A hit for Jethro Tull in domain name dispute

E-commerce

Two of the biggest names in the rock music pantheon have underlined the evolving legal issues relating to "cybersquatting" and the ownership of internet domain names. On Friday 1970s prog-rock band Jethro Tull won a dispute over the names jethrotull.com and jethro-tull.com. But earlier in the week Sting, the singer, lost his claim to have the internet domain name Sting.com transferred to him. A case of "Sting Stung", perhaps.

Two of the biggest names in the rock music pantheon have underlined the evolving legal issues relating to "cybersquatting" and the ownership of internet domain names. On Friday 1970s prog-rock band Jethro Tull won a dispute over the names jethrotull.com and jethro-tull.com. But earlier in the week Sting, the singer, lost his claim to have the internet domain name Sting.com transferred to him. A case of "Sting Stung", perhaps.

Jethro Tull, famed for the flute-playing antics of frontman Ian Anderson, won the dispute against Denny Hammerton of Minneola, Florida. Mr Hammerton had offered the Web addresses to the band for $13,000 (£8,700). But the World Intellectual Property Organisation, which is affiliated to the United Nations, ruled that he had set up the addresses in bad faith and failed to show a legitimate interest in them. Jethro Tull was judged to have a more meaningful trademark interest - despite taking its name from the inventor of an early piece of agricultural equipment.

Sting, on the other hand, found his case failing on the grounds that his name is in common usage. The former singer with The Police had maintained that he had been rendering "high quality musical services" under the Sting name for 20 years. But the WIPO ruled that the word "sting" was in common usage and not a trademark or service mark that had been registered by the singer. It also said the names had not been registered in bad faith.

The domain name Sting.com had been registered in 1995 by Michael Urvan of Marietta, Georgia, in the United States. Mr Urvan had not been using the site and had reportedly offered it to Sting for $25,000. Sting, whose real name is Gordon Sumner, has his own website at www.sting.compaq.com. He only filed his complaint against Urvan in May.

The case underlines the increasing frequency of domain name disputes, which are being handled by various organisations under the auspices of Icann - the Internet Corporation for Ascribed Names and Numbers.

But the vast majority of cases are going against the cybersquatters. Last week saw Reuters, the news group, win its dispute with an Iranian company, which registered five names, including reutersnews.com, wwwreuters.com and reuters.com. In that case the WIPO panel ruled that the Iranian company had no rights to any of the domain names. Again, the firm had not been actively using the sites, although it had suggested a fee to Reuters for giving the names back.

Reuters joins a growing list of major companies that have won back their domain name rights through the WIPO. Others include Christian Dior, Deutsche Bank, Microsoft and Nike.

The WIPO is one of several bodies accredited by Icann to rule on domain name disputes and prevent them from becoming expensive and time-consuming court cases. A total of 817 cases have been filed with the WIPO's online arbitration system since December. So far there have been 316 decisions, with 81 per cent finding against the cybersquatters. The system is cheap - complainants pay a fee of $1,000 to the WIPO to adjudicate. It is also quick, with decisions often being made in 45 days or so.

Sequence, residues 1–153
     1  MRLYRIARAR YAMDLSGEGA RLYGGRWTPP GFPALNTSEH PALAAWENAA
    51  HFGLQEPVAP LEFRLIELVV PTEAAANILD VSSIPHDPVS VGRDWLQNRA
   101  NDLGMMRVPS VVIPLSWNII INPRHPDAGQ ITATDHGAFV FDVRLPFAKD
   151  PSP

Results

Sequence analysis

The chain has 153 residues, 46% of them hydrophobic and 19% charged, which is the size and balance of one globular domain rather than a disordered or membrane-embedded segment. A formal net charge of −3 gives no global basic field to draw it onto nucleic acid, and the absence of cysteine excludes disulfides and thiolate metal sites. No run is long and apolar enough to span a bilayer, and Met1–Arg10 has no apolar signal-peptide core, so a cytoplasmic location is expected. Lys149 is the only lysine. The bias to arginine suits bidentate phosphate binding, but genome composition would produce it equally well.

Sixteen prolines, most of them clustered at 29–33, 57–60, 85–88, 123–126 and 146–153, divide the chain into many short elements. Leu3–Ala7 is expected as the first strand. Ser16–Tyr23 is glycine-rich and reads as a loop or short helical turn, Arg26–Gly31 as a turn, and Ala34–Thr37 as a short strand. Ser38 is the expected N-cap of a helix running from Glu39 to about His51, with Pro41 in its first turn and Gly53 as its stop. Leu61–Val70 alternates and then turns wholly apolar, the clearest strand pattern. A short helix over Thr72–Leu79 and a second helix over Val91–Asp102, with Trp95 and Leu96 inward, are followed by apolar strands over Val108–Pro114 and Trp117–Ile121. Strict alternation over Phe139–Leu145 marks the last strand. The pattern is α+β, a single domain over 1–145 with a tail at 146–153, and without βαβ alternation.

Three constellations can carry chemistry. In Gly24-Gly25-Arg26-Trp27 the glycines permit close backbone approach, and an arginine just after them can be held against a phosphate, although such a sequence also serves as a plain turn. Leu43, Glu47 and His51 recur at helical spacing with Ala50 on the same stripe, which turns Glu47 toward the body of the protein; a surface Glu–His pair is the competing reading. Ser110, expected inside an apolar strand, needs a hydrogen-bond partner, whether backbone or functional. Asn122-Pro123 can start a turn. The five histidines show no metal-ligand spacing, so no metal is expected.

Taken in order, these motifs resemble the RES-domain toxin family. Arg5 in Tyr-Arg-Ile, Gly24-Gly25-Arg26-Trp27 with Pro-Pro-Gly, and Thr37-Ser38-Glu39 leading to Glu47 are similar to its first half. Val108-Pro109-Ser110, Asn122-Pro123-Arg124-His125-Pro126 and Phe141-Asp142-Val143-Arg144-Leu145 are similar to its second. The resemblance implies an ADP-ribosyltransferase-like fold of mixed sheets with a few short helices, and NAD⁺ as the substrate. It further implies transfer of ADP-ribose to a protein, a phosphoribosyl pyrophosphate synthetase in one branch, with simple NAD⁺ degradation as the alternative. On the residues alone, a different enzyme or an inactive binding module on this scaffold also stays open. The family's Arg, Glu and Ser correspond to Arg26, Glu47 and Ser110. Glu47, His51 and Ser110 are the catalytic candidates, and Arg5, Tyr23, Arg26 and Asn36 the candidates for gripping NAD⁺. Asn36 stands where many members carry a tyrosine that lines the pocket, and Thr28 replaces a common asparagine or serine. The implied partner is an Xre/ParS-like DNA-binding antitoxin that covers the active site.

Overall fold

But there are two problems. First, the legal status of these rulings is unclear. They could be the subject of legal challenge, with a case already pending involving the actress Julia Roberts. A cybersquatter lost a case earlier this year in which the internet surfer concerned was ordered to transfer the domain name juliaroberts.com back to the actress. But the cybersquatter has filed a complaint in a US court to stop it.

Also, the decision last month to allow the creation of a new set of domain name suffixes such as .shop and .store is expected to lead to a proliferation of cybersquatting. A new race will start as established firms battle to register the new variations of their trademark names before a cybersquatter gets there first.

In the meantime, though, its Jethro Tull 1, Sting 0.

* Still on the subject of names, there was another straw in the wind last week when thinknatural.com, the health and beauty e-tailer, decided to drop the "dot.com" suffix from its name. The company said it was abandoning its dot.com status to avoid the negative connotations and to concentrate more on selling through other means, such as catalogues and stores.

Thinknatural's move follows a similar decision earlier this year by Gameplay, the computer games retailer. An increasing number of internet start-ups are now deciding not to use dot.com in their names.

Is this the start of a trend? Brand experts say it could be. One reason is that dot.coms and traditional companies are increasingly converging. And as they begin selling across a variety of online and offline platforms - thinknatural has a link-up with Superdrug, for example - the dot.com suffix can become restrictive.

Jargonbusters

Dot.corps: Management consultancy term for traditional, "Old Economy" corporations, which are increasingly seeking to dominate the Web.

Dot.corpse: Receivers' term for a dead dot.com.

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